With last week’s 1st Circuit decision striking a core section of the Defense of Marriage Act also heading to the nation’s highest court, it is now likely the Supreme Court will have two major same-sex marriage cases on its docket in October.

The 9th Circuit case, if accepted, could ask whether states can take away the right to marry from same-sex couples or whether same-sex couples have a fundamental right to marriage and to be treated equally under marriage laws. The 1st Circuit case, if accepted, would ask whether the federal government can refuse to recognize marriages licensed by states to same-sex couples.

David Boies, the other lead attorney for the Perry couples, said that, while the questions in the two cases are “distinct,” the issues are closely related and could — if both are accepted — be heard very close together.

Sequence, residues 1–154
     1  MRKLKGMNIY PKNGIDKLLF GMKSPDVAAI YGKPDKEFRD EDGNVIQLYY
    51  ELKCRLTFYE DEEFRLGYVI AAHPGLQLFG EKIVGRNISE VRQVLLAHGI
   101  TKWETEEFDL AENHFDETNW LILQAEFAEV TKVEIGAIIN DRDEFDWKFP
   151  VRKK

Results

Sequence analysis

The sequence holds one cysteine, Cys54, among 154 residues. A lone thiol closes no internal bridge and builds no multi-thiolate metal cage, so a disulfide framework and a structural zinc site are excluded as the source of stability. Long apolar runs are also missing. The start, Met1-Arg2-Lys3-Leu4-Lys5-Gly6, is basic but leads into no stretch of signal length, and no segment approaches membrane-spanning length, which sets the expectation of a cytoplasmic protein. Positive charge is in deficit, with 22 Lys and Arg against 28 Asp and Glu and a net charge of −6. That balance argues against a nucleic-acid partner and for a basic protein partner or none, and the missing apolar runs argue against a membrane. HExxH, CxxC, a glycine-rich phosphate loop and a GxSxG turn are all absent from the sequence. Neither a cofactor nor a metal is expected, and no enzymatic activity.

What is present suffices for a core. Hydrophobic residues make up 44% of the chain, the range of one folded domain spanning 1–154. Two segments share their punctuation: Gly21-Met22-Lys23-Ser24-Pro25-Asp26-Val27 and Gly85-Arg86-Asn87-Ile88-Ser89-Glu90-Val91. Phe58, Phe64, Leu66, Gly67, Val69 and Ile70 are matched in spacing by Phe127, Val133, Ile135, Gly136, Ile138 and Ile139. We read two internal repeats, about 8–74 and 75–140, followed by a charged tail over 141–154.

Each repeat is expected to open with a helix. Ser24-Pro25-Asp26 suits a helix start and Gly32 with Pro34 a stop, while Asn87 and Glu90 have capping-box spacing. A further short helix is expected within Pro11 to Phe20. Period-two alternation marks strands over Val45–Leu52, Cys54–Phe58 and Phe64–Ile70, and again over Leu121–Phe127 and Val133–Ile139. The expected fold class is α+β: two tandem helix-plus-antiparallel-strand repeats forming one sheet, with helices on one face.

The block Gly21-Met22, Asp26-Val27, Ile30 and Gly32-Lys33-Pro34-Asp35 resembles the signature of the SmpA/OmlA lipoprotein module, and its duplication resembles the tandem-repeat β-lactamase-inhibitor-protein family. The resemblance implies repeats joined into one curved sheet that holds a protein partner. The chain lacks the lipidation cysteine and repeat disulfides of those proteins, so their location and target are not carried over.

The three-paragraph order June 5 stated that the request for a full court review “failed to receive a majority of the votes” of active judges. It also noted that the order would be stayed for 90 days to enable proponents of Prop 8 to file an appeal to the U.S. Supreme Court.

The dissenting judges did not mince words in their three-paragraph dissent. They said the circuit panel’s 2-1 decision striking down Prop 8 was a “gross misapplication” of the U.S. Supreme Court’s decision in Romer v. Evans. In that 1996 case, the Supreme Court said states could not pass laws that excluded gays from protection based on animus against the group.

The dissenters said refusing to give full 9th Circuit review to Perry v. Brown means the Ninth Circuit judges “have now declared that animus must have been the only conceivable motivation for a sovereign state to have remained committed to a definition of marriage that has existed for millennia.”